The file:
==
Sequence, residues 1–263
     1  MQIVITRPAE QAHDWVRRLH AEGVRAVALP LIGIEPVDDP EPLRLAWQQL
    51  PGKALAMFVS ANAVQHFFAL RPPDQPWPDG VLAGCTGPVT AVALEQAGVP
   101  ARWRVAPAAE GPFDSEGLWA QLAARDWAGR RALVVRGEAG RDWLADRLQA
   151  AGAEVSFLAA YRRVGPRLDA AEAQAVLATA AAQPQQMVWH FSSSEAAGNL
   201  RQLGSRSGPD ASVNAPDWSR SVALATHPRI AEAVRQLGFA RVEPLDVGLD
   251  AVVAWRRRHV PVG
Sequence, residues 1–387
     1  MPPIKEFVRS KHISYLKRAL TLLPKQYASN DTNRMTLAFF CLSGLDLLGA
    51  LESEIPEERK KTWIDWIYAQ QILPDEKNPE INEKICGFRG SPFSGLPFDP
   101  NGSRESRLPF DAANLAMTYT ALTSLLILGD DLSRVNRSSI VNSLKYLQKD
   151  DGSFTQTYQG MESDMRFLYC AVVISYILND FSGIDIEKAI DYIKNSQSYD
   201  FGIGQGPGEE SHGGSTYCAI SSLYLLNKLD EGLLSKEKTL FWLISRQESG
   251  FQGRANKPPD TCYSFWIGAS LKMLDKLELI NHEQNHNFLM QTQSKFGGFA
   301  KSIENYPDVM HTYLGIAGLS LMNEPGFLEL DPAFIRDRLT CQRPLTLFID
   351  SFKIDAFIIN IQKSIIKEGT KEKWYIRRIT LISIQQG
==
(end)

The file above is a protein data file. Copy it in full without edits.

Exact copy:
Sequence, residues 1–263
     1  MQIVITRPAE QAHDWVRRLH AEGVRAVALP LIGIEPVDDP EPLRLAWQQL
    51  PGKALAMFVS ANAVQHFFAL RPPDQPWPDG VLAGCTGPVT AVALEQAGVP
   101  ARWRVAPAAE GPFDSEGLWA QLAARDWAGR RALVVRGEAG RDWLADRLQA
   151  AGAEVSFLAA YRRVGPRLDA AEAQAVLATA AAQPQQMVWH FSSSEAAGNL
   201  RQLGSRSGPD ASVNAPDWSR SVALATHPRI AEAVRQLGFA RVEPLDVGLD
   251  AVVAWRRRHV PVG
Sequence, residues 1–387
     1  MPPIKEFVRS KHISYLKRAL TLLPKQYASN DTNRMTLAFF CLSGLDLLGA
    51  LESEIPEERK KTWIDWIYAQ QILPDEKNPE INEKICGFRG SPFSGLPFDP
   101  NGSRESRLPF DAANLAMTYT ALTSLLILGD DLSRVNRSSI VNSLKYLQKD
   151  DGSFTQTYQG MESDMRFLYC AVVISYILND FSGIDIEKAI DYIKNSQSYD
   201  FGIGQGPGEE SHGGSTYCAI SSLYLLNKLD EGLLSKEKTL FWLISRQESG
   251  FQGRANKPPD TCYSFWIGAS LKMLDKLELI NHEQNHNFLM QTQSKFGGFA
   301  KSIENYPDVM HTYLGIAGLS LMNEPGFLEL DPAFIRDRLT CQRPLTLFID
   351  SFKIDAFIIN IQKSIIKEGT KEKWYIRRIT LISIQQG